Lu:

I love that about it. I feel like I never really had expectations at all of what it would become, although I’ve always been like, “oh, we’re doing this?! Yes! Sure!” It’s this fun, mad, flexy thing.

keyon:

It feels like it does take up the amount of space that we have capacity for. So sometimes it is smaller, and it isn’t happening sometimes because we don’t have the capacity. But I like that, I think it is a different thing that keeps bringing us back together but I do really like these folks. I love the stuff we do and it still feels like a space that even though it’s a very different way of pushing back or doing things. Think about the works we did at Composition. How different, and similar. But it is still pushing, it’s still a generative ground. It still feels like a generative playground in that way.

lu:

Things always happen when we come and do these events and spend a substantial amount of time together in a space–it feels like a magic. Sometimes trouble comes through and we’re not quite sure what’s gonna happen. We better be ready. This time there better be a nurse practitioner in the audience-

taka:

Everybody knows that Physical Education is something that we do, but we are not of it. I was thinking about it. It’s like, “remember Allie of Physical Education?” And nobody’s gonna say that to us. So this entity is so interesting because the sense of belonging is so not, it is a part of our life.

keyon:

I kinda like the idea that everybody’s in Physical Education, whoever is engaged with it. Maybe we’re the little nucleus or something that’s keeping it going or maybe the heart of the thing, but everybody engages, you’re always kind of a part of it.

Spencer:

Well and it’s definitely kind of a lens, I think, or a method of thinking that once someone understands a lens, they can then apply it whenever. It’s like that idea, there’s new ideas around exercises or it’s actually any steps or exercise or going up the stairs once is technically exercise, so you can kind of claim it in that practice and extending that to art I think is really empowering to say, “actually, this is performance, or this is an artist’s practice, even if it’s just sitting in a room and talking or something.”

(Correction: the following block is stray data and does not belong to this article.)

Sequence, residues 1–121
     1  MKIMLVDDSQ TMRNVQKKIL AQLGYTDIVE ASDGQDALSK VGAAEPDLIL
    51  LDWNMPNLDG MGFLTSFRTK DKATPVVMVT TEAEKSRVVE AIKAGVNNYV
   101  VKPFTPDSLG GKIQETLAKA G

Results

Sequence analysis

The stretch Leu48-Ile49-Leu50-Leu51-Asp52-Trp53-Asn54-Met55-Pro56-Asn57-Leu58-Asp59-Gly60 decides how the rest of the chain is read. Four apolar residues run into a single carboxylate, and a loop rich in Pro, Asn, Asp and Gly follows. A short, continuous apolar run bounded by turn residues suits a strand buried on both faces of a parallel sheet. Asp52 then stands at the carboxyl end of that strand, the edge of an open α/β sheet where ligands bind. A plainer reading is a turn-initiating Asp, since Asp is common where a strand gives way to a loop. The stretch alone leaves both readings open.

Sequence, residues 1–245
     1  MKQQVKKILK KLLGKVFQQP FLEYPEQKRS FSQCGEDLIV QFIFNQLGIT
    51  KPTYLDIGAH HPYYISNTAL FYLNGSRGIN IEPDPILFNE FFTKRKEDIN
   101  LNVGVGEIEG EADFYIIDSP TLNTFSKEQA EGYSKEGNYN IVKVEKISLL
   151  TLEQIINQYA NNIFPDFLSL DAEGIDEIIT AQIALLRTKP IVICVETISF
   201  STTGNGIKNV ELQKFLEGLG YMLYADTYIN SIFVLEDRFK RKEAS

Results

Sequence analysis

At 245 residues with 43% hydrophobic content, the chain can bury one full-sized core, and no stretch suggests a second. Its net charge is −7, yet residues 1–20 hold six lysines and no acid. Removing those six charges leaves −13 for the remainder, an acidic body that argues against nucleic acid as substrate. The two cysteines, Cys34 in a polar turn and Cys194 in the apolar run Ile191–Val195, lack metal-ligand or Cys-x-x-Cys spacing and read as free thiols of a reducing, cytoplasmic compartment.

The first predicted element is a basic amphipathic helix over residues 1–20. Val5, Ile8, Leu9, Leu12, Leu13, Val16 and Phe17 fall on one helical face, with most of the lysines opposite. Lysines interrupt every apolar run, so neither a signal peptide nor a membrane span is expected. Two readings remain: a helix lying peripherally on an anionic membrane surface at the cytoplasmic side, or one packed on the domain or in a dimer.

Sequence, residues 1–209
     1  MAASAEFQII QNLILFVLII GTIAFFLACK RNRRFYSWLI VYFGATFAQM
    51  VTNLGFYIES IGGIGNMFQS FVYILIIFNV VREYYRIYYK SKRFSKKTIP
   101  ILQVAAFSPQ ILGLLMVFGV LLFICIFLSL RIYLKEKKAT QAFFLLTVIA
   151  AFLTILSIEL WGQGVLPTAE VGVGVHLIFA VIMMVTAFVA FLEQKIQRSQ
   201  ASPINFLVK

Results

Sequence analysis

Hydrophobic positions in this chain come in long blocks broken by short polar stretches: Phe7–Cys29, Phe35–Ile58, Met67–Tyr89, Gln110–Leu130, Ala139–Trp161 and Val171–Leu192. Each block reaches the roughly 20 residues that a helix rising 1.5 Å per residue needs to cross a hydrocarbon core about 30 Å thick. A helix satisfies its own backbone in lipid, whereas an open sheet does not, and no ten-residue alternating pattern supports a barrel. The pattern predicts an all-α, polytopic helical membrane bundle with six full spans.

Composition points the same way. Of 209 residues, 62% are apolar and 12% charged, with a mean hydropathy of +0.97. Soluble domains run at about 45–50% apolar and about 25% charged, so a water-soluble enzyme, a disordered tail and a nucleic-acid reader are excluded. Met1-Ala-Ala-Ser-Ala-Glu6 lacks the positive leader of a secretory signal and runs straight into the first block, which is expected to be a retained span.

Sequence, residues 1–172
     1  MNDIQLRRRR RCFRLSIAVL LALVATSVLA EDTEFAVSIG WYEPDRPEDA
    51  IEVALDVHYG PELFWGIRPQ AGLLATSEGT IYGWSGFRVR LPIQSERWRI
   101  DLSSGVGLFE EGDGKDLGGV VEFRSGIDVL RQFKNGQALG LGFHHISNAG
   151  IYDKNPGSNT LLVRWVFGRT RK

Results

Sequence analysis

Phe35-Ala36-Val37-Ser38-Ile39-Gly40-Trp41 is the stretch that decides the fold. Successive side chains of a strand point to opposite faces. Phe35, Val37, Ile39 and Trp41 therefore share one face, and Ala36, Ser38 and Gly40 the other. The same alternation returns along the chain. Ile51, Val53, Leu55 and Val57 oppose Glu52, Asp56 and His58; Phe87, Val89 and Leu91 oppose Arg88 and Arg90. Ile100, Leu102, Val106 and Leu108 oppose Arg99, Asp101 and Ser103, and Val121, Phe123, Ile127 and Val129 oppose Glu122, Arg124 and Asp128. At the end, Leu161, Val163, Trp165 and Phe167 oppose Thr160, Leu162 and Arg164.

allie:

Or microdosing on mushrooms on the coast in a cabin.

Lu:

Yes. In a wetsuit.

allie:

Wearing a wetsuit.

keyon:

Those fucking wetsuits.

The Social Forms of Art (SoFA) Journal is a bi-annual publication dedicated to supporting, documenting, and contextualizing socially engaged art and its related fields and disciplines. Each issue of the Journal focuses on a different theme in order to take a deep look at the ways in which artists are engaging with communities, institutions, and the public. The Journal seeks to support writing and web based projects that offer documentation, critique, commentary and context for a field that is active and expanding.

The SoFA Journal is published in print and PDF form twice a year, in June and December by the PSU Art & Social Practice Program. In addition to the print publication, the Journal hosts an online platform for ongoing projects.